Catnip, scientifically known as Nepeta cataria, has been a favorite product among our feline friends for years. This fragrant herb originated from Asia and Europe and is also fondly referred to as catwort, catmint and field balm. Nevertheless, no matter what you may call it, cats seem to go nuts when they have access to it.
The Allure of Catnip
While it is not exactly known what happens in your kitty’s brain when it is given catnip, it is known that a particular chemical in the herb is what triggers a response. This chemical is called nepetalactone, and research has shown that it is able to cause various behavior patterns in cats that are sensitive to it.
Not all felines are affected by catnip ; however, it has been determined that as many as two thirds of them are. Additionally, kittens that are under three months typically do not react to the herb. If your kitty is sensitive to catnip, only one or two sniffs of it will have your furry friend rolling around in bliss.
The effects of catnip are usually short-lived lasting only about 10 to 15 minutes for most felines, and how your cat will react to it may vary from another feline. While some kitties may become intensely playful, others may become extremely calm and lovable. Nevertheless, no matter what reaction your pet may have, it is a fact that cats and catnip are a delightful combination.
How to Provide Catnip to Your Cat
Catnip, which is a cousin to oregano and basil, may be purchased in dry form or in various toys. Most owners prefer to purchase the dry form because when it loses its effectiveness, they are able to replace it with a fresh supply. You can simply add catnip flakes or pellets to a specially-designed catnip toy or even sprinkle it in a bowl.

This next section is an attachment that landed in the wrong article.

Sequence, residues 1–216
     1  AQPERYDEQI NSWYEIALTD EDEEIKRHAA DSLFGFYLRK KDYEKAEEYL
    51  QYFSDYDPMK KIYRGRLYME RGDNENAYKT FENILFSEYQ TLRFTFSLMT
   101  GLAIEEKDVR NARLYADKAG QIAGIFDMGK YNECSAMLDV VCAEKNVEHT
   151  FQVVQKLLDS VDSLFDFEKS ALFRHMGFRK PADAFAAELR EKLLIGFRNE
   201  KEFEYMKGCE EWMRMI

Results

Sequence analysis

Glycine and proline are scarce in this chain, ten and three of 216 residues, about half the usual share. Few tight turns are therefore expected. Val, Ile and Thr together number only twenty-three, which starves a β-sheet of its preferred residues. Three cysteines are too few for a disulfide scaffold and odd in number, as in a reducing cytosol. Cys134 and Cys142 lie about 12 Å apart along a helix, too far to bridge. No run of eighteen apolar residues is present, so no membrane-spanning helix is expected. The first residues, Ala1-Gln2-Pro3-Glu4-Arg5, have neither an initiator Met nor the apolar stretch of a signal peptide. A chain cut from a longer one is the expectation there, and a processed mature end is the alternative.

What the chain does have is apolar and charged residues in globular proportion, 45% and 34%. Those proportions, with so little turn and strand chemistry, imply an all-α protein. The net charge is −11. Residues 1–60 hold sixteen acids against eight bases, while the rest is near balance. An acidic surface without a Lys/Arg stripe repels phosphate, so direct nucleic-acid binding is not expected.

There is also a convenient catnip spray, which you can spray directly onto such things as favorite toys, cat beds, bedding, scratching posts or other kitty furniture. When shopping for catnip, be sure to look for 100 percent pure catnip. Furthermore, pellets seem to be stronger than flakes.
Training Your Cat with Catnip
Since cats love catnip so much, it can also be a valuable training tool. For example, if your kitty likes to scratch your furniture, try spraying some catnip on a scratching post. Whenever your pet scratches the post, offer some praise and/or a treat. In the same way, you can train your cat to sleep in its own bed, rather than on yours.
Catnip For Dogs
Although catnip is a product that is targeted towards entertaining felines, dogs can benefit from the herb as well. In fact, catnip contains many essential vitamins and minerals including vitamins C and E, magnesium, tannins and flavonoids, which can help keep your dog’s digestive system healthy. However, before you give your dog catnip, consult your veterinarian first.
While catnip is not necessary for the health of your feline friend, it can provide you with a powerful training tool and your kitty with a safe way to have fun. Giving your kitty some catnip about once a week will ensure that its effects on your pet do not diminish.